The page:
Fostering is an integral part to our organization and a special way to show your passion for helping animals. By providing a foster home, you are giving that animal a better chance for adoption while keeping it healthy, socialized, and out of the shelter.
Most importantly, by utilizing a dedicated volunteer network and foster homes to get animals rehabilitated and ready to be adopted, we can help animals that we would otherwise not be able to facilitate. It is through foster homes that more animals are given the chance at a life they deserve.
So apply online to become a foster parent, or download our paper application to fill out at home and bring in to the shelter. And don’t forget to download our Official Foster Manual for all the info you need!
Frequently Asked Questions:
To save lives! Our foster homes helped save hundreds of animals last year alone.
I don’t really get the idea of fostering. How is it different from adoption, and how does it help the shelter?
Fostering is when you take certain animals, particularly ones that don’t flourish in a shelter environment, and you provide them with care until they are ready to be adopted. Animals that are commonly included in the foster program are young puppies or kittens that have easily compromised immune systems and older dogs or cats that have health issues or simply need a break from shelter life. By fostering, you help free up space in our shelter, making it possible for us to take in and save more lives!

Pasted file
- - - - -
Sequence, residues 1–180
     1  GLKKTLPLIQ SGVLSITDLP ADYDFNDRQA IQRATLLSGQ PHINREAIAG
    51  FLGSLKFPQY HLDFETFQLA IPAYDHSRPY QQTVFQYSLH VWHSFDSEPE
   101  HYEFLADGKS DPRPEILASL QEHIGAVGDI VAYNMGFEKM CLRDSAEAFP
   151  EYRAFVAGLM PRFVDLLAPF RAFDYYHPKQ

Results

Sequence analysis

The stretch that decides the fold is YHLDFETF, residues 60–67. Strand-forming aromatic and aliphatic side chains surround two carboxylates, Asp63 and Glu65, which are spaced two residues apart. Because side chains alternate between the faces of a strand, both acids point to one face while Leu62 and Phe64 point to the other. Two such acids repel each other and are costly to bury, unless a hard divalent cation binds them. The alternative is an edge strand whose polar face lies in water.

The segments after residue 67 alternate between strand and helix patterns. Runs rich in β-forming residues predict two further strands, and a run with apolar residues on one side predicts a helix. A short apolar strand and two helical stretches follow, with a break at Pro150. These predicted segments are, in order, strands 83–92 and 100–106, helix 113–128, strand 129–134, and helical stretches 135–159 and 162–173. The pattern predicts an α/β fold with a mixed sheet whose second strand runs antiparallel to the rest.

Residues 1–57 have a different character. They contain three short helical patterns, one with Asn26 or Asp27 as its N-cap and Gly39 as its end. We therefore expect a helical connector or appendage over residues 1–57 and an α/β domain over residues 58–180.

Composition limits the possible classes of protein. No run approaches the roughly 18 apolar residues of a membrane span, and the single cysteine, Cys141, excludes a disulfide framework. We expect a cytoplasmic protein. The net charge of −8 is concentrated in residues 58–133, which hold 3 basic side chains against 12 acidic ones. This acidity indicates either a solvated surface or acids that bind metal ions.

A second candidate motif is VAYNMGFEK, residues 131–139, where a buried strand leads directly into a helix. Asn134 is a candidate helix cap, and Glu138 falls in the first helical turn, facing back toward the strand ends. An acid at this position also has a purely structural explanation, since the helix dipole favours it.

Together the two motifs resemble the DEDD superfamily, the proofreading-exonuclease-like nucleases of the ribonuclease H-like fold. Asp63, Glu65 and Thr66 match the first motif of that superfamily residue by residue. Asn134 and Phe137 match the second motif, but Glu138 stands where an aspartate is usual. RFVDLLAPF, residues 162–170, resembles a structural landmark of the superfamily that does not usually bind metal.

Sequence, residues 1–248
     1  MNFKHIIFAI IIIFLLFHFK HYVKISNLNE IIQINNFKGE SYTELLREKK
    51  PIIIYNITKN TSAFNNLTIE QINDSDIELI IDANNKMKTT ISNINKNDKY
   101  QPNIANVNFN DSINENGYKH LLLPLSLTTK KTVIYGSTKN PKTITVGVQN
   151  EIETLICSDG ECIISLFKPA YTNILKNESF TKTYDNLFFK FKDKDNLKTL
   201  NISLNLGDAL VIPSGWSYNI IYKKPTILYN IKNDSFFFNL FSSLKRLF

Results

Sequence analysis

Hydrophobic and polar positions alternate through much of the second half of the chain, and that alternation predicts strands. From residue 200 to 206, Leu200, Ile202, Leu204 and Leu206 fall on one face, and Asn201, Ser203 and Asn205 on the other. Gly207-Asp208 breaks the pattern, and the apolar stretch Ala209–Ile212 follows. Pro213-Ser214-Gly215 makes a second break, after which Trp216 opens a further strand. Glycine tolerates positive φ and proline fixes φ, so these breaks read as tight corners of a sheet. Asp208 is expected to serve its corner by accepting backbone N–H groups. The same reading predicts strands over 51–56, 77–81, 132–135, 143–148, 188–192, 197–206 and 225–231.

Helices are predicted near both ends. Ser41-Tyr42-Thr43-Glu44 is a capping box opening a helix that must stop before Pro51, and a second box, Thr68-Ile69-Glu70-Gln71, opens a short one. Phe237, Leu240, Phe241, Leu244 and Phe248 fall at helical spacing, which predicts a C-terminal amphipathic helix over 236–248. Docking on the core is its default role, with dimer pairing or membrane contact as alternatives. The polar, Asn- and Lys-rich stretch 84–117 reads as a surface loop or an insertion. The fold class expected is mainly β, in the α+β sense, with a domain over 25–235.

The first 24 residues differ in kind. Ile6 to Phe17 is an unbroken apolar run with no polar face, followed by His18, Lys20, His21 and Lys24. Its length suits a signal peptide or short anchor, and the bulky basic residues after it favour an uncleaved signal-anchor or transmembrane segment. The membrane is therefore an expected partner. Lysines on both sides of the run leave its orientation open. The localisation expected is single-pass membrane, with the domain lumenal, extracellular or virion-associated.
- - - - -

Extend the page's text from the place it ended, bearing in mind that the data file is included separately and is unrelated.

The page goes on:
I would like to foster, but I just don’t think I have the time. How long do animals stay in foster care?
Some animals may stay in foster care longer than others. While you are encouraged to foster an animal as long as it takes for adoption, we also welcome fosters who are able to commit for shorter periods of time. Even just a weekend away from the shelter can help provide a much needed break for some of our animals!
What are the benefits of fostering for the foster parent?
Fostering is incredibly rewarding for several reasons. First, there is no better feeling than seeing the animal you’ve cared for find their forever home. You also get to enjoy the companionship of an animal without the long term investment of adopting. Who doesn’t want to spend a few weeks cuddling up to a soft, cuddly dog or cat? But beyond that, fostering is also a great résumé-building activity. By deciding to foster, you can put on your résumé that you volunteered with a respected, local nonprofit organization.
I don’t think I can foster puppies or kittens, can I still help?
Of course! We have adult dogs and cats, and occasionally receive other animals like rabbits and birds, that could greatly benefit from being out of the shelter. Another alternative is to donate food, cat litter, or treats which we can provide to foster homes.
How am I supposed to let go of my foster animals once I’ve gotten so attached?